Monday night’s City Council meeting had such a light agenda that City Manager Eric Williams tried to cancel it, yet the meeting didn’t end until about 10:30. That three-hour session came only a week after council members were together for almost six hours, from the start of the public forum on the 2004 audit at 5:30 until the end of the regular council meeting around 11:30. That’s nine hours of talking and, perhaps, listening in a week. And don’t forget …
One Henderson man is dead and another wounded after a shooting in a house on Maple Street on Tuesday night.
Four houses in Wake County are getting water from the city of Henderson, violating the city’s contract with Franklin County and raising a host of issues about the transfer of water from one river basin to another. Or those houses are in Franklin County, and there’s nothing for Henderson to worry about.
The Henderson City Council’s finance committee did what it had to do Tuesday afternoon and moved along a request for additional money from the Vance County Board of Elections, but the city officials only scratched at the surface of the concerns stemming from the request.
The planned addition of 75 jobs shows that a call center is fulfilling its mission in Vance County, the head of the local operation said in an interview Tuesday.
Eleven months after her quest began, Beth Gister finally got what she wanted Monday night: measures from the Henderson government to make her block safer.
If Samuel Smith doesn’t get his money, he told the Henderson City Council on Monday night, City Manager Eric Williams should resign.
The expiration of Time Warner Cable’s franchise agreement provides an opportunity for Henderson. It remains to be seen whether that opportunity will be for more city revenue, more services or a change in companies.
Henderson hopes to replace its ancient land-use plan in the next two years and save almost $100,000 in the process.
The Rev. C.J. Dale and the Henderson Police Department can’t seem to stay out of each other’s way.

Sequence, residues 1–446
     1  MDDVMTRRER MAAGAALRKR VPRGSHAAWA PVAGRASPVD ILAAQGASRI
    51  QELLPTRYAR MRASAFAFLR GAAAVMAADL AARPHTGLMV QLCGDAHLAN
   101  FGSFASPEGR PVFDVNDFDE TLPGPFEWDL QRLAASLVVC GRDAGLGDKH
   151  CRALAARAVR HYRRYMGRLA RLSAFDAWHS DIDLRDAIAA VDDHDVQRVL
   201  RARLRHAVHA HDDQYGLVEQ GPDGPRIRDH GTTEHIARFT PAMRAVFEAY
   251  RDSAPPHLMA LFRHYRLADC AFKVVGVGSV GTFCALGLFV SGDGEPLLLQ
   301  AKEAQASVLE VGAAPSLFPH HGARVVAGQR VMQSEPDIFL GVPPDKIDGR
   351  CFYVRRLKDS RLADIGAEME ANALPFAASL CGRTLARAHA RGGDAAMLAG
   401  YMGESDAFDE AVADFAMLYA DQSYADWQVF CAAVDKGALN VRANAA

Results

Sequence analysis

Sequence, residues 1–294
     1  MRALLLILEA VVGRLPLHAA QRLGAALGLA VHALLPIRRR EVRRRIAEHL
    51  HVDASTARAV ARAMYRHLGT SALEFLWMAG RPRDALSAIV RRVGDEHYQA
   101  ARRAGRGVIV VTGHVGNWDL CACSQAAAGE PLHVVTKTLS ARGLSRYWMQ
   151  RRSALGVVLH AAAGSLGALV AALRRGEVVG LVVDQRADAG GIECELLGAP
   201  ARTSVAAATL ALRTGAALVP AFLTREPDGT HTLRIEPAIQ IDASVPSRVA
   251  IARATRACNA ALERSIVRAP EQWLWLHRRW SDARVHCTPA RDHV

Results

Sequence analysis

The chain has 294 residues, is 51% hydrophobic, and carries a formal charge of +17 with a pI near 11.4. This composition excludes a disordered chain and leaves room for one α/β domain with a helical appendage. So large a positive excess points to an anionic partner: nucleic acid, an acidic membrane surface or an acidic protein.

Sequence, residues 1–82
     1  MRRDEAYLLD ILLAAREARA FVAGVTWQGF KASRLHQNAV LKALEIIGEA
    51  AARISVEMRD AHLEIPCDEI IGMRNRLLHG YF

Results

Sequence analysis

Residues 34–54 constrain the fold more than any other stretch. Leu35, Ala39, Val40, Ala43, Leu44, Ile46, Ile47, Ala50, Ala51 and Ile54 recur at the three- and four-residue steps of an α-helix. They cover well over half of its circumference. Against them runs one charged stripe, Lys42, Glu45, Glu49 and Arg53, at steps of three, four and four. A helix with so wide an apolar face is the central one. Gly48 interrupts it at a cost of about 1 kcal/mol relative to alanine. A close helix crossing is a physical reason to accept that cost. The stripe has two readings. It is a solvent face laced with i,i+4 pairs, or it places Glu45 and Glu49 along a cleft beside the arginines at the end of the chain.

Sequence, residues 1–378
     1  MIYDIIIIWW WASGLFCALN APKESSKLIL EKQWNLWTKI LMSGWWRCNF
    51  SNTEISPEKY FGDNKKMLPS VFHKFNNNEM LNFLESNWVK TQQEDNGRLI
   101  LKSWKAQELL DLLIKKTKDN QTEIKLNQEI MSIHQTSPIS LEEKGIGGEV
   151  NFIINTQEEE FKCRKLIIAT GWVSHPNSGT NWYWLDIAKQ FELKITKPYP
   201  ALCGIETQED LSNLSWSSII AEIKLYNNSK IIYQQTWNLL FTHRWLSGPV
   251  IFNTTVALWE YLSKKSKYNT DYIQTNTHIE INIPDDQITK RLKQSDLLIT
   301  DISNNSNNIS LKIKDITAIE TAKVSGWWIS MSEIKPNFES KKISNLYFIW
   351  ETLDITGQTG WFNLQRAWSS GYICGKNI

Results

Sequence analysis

Henderson’s proposed redevelopment project on David Street could expand to become an overhaul of the entire area surrounding the old Harriet & Henderson Yarns plant in North Henderson.
Henderson will have to wait to see the results of its lobbying trip to Washington last week, but the city got encouragement in four congressional offices, including a big ego boost in one.
The demolition of the old South Henderson School didn’t get the final boost it needed in Washington last week, but Mayor Clem Seifert said the city will get the project done.
It was a coincidence that Rep. G.K. Butterfield announced a road grant for Henderson just hours after a delegation from the city met with him Wednesday, but it was a coincidence that reveals the value of the city’s lobbying efforts in Washington, Mayor Clem Seifert said Friday.
Don’t hold your breath waiting for high-speed rail to come racing through Henderson. Yes, an announcement of the proposed stops for the Southeast High-Speed Rail Corridor could come from that state’s rail division this spring. And yes, Henderson is likely to be a stop at least one way on the route between Raleigh and Richmond. But that still leaves the matter of many billions of dollars to pay for the project. While the federal government is running annual deficits in …
Much of the talk around Henderson about fund balances, budget amendments and capital improvement projects is actually about one thing: Embassy Square. So in the interest of full disclosure, we feel it’s time to share how we see the project at HomeinHenderson.
Winter is definitely not our favorite time of year. We tend to think the bears have the right idea: Bundle up and hibernate. But when we can dodge the threat of snow and ice, the cold does a wonderful job of clearing the air, unveiling a magical view of the night sky. Few sights are more impressive than countless stars twinkling brightly in the depthless blackness of space, and few places in modern America get a clearer view than we …
Henderson residents frustrated by the city’s finances have turned to a Raleigh lawyer to help them get answers.
The Henderson City Council doesn’t figure to be talking late into the night again Monday, but it will have to face some of the same issues that kept it busy past 11 p.m. this past Monday.
Monday’s first-of-its-kind forum on the city audit won’t be the last chance for the public to speak before a regular City Council meeting.